Gérard Depardieu and Wojciech Pszoniak star in Andrzej Wajda’s powerful, intimate depiction of the ideological clash between the earthy, man-of-the-people Georges Danton and icy Jacobin extremist Maximilien Robespierre, both key figures of the French Revolution. By drawing parallels to Polish “solidarity,” a movement that was being quashed by the government as the film went into production, Wajda drags history into the present. Meticulous and fiery, Danton has been hailed as one of the greatest films ever made about the Terror.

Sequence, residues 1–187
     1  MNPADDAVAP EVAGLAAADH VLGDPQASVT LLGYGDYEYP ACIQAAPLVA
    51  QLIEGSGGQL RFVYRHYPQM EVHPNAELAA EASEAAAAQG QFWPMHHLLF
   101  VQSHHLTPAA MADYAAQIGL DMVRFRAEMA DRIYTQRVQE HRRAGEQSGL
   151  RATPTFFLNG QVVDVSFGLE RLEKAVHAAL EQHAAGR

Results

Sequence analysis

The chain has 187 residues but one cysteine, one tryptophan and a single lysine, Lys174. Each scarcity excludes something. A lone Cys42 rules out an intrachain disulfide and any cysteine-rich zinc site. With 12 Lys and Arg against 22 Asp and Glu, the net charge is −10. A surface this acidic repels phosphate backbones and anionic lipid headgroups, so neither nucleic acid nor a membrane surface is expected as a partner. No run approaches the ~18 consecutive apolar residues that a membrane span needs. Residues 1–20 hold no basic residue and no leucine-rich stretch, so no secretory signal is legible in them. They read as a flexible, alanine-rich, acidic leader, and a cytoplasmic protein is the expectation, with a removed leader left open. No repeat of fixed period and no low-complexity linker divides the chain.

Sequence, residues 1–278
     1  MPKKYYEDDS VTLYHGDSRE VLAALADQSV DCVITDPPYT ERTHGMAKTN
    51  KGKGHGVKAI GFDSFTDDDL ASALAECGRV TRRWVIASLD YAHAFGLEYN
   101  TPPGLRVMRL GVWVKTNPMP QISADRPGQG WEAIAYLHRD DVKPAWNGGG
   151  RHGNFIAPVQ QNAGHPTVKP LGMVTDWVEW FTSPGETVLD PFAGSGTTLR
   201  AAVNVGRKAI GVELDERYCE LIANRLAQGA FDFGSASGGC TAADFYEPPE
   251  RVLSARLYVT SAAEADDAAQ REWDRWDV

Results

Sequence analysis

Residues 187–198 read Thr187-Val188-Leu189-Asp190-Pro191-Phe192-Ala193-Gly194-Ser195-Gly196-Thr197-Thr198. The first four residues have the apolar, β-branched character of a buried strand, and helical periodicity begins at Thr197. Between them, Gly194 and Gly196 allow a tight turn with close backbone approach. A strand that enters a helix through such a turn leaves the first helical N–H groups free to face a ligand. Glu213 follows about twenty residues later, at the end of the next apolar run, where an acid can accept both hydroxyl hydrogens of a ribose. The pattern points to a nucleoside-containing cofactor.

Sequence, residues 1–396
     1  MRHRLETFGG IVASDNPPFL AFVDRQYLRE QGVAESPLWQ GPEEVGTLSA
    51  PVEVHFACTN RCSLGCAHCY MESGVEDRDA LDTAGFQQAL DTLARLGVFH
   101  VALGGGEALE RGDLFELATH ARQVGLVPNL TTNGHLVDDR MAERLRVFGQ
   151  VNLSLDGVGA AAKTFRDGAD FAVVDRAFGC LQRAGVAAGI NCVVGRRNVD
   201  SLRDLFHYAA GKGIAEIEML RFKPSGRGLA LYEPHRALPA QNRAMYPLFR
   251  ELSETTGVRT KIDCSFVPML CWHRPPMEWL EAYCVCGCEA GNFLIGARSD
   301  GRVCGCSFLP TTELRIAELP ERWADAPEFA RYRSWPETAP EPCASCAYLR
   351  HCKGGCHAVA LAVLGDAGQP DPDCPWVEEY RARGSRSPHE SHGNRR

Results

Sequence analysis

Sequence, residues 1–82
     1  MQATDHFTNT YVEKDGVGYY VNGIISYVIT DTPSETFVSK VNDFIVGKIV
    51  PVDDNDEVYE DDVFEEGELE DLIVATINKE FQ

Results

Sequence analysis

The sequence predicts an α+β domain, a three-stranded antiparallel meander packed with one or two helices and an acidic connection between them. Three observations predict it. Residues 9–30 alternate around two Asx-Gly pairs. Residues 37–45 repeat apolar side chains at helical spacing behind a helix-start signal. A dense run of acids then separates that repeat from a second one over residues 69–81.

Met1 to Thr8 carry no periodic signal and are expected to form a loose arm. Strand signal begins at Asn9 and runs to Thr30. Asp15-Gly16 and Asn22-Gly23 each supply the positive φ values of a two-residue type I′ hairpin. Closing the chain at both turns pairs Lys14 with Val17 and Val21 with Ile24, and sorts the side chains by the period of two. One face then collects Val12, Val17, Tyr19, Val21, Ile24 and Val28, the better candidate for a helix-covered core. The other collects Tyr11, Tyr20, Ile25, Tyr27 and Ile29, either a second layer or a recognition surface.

Seattle, 1984. Taking their camera to the streets of what was supposedly America’s most livable city, filmmaker Martin Bell, photographer Mary Ellen Mark, and journalist Cheryl McCall set out to tell the stories of those society had left behind: homeless and runaway teenagers living on the city’s margins
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